But like any challenging game, Amok gives you all the tools to succeed, it's just up to you to figure out how to use them. Over time I started to figure out how best to take out enemies with everything I had while still utilizing my personal playstyle.

The only real complaint I have with the combat is that some of the flying enemies later in the game simply move too fast and deal out way too much damage. I struggled with some of those parts a bit more than I would have liked.

More Than Just Shooting

In addition to mowing down enemies, you'll also have to complete various objectives. These are generally pretty straightforward and often have you destroying some sort of building. But there are a few interesting objectives (I won't spoil you) that will keep you on your toes (in addition to, you know, being shot at constantly.)

The game provides a nice mission briefing that kinda lays out the terrain and tells you where to go and what to do. But once you're in the mission, it's pretty much all up to you. You do have access to a map, but I recommend paying attention to that mission briefing. Another interesting bit here is that you can actually partially complete certain objectives, which can slightly affect the next portion of the game.

Take a Deep Breath

I've alluded to it already, but now might be a good time to say that Amok is a tough game. It only has two difficulty modes: Easy and Hard. If you play on Easy though, you only get a portion of the game.

Despite the obvious emphasis on the action and the challenge it presents, Amok also does a great job of rewarding exploration. Most of the levels it provides are actually quite large with plenty of open terrain. I found that by searching every nook and cranny I would often find some sort of reward. This could be as simple as some extra ammo or as helpful as finding a full health powerup or an invulnerability shield (which is amazing if you're going to go in guns 'blazin').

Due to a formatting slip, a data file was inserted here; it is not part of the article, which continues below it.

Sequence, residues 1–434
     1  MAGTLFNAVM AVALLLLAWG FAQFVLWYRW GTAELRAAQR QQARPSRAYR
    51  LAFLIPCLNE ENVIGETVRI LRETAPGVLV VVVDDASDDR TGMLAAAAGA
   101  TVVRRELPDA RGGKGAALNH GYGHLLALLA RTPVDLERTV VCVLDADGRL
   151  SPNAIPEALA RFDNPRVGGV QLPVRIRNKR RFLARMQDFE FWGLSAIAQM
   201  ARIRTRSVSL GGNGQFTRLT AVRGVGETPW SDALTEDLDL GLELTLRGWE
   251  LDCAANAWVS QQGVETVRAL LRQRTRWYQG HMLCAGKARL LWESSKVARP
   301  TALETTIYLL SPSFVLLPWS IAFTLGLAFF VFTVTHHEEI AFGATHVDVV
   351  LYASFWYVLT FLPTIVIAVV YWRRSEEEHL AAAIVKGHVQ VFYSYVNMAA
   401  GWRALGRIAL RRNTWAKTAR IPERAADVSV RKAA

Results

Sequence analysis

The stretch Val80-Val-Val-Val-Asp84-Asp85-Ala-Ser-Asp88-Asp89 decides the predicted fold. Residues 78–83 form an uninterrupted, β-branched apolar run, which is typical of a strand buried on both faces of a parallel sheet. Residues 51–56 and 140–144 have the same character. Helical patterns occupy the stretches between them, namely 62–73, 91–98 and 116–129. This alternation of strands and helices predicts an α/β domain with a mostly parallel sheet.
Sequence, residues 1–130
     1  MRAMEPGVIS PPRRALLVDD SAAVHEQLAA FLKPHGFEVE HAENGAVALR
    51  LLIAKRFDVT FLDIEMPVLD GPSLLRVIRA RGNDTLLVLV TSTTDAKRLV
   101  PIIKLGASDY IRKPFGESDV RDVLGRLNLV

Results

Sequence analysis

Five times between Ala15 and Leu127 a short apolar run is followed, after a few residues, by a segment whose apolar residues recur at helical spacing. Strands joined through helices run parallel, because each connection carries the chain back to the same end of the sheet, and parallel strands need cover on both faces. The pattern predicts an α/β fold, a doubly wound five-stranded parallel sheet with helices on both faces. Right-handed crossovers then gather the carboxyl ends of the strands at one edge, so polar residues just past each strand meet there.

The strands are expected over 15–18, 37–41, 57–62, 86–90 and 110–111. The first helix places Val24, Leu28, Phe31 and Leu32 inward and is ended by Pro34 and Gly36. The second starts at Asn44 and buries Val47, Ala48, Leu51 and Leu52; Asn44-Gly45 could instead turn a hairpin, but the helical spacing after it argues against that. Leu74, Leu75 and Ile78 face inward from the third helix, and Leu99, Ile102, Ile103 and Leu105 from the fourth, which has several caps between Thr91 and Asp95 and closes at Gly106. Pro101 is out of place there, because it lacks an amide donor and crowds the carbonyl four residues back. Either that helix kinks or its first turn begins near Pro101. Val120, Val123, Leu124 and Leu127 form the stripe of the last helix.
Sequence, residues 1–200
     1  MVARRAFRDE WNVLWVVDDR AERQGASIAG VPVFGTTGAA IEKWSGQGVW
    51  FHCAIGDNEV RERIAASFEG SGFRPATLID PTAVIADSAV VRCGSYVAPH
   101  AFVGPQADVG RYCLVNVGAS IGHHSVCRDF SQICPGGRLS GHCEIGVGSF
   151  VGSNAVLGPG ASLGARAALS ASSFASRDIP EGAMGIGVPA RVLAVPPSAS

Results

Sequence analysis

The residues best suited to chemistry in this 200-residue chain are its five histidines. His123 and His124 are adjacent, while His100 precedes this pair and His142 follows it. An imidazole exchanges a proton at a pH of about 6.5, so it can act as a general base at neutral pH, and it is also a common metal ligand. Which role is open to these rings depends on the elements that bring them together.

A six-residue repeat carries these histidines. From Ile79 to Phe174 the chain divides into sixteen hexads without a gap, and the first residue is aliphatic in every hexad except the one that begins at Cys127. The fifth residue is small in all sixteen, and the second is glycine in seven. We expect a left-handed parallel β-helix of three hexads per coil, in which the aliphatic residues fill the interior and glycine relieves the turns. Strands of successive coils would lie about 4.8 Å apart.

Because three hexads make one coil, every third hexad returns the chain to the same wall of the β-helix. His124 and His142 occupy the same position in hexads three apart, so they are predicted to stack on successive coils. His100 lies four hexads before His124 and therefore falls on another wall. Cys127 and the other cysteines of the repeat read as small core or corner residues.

Another powerup you can find is a hull upgrade. In an interesting twist, when you first start the game, you can only fill a small portion of your health bar. As you find hull upgrades, your maximum health expands slightly. If you don't explore much, I can't imagine you'd be able to max out your health by the end of the game. And trust me, you're gonna need it for those last couple of levels. But I'm sure someone who is a lot better at the game than I am will no doubt attempt a "no hull upgrade" run, and I salute them.

Technical Bits

Having a super fast-paced action game like this wouldn't really work if the engine couldn't keep up, but I'm happy to report that Amok runs buttery smooth. I experienced absolutely no slowdown or technical hiccups. Of course, that means I couldn't "blame" my console for my own mistakes, but that's okay.

The engine actually uses voxel technology, which is an interesting change of pace to most early 3D games of this ilk. The graphics aren't the best or most detailed on the Saturn, but they absolutely work in this type of game.

The soundtrack is also worth mentioning. It was composed by Jesper Kyd and features some pretty great '90s style industrial / techno tracks that fit the mood and setting perfectly.

There's also a multiplayer mode that features both cooperative and competitive options, but alas, I wasn't able to try it out to know how well it works.

Conclusion

If you're in the mood for a challenging, but really fun blast-fest, then add Amok to your short-list of options. It took me about 5.5 hours to play through the game, but I was fairly familiar with a decent chunk of it since I've played it many times over the years. So it's not super long, but should keep you at the edge of your seat for its entire explosion-filled ride.

The only downside is that the game has almost no chance of making a revival. Both its developer and publisher went belly-up in the '90s and it's anybody's guess who owns the rights these days. It did have a PC port, so I guess there's always a tiny flicker of hope that it could release on GOG some day, but I wouldn't hold my breath. Luckily, it's very inexpensive on Saturn ($10 - $20, depending on completeness) and runs / plays incredibly well.

Comments ()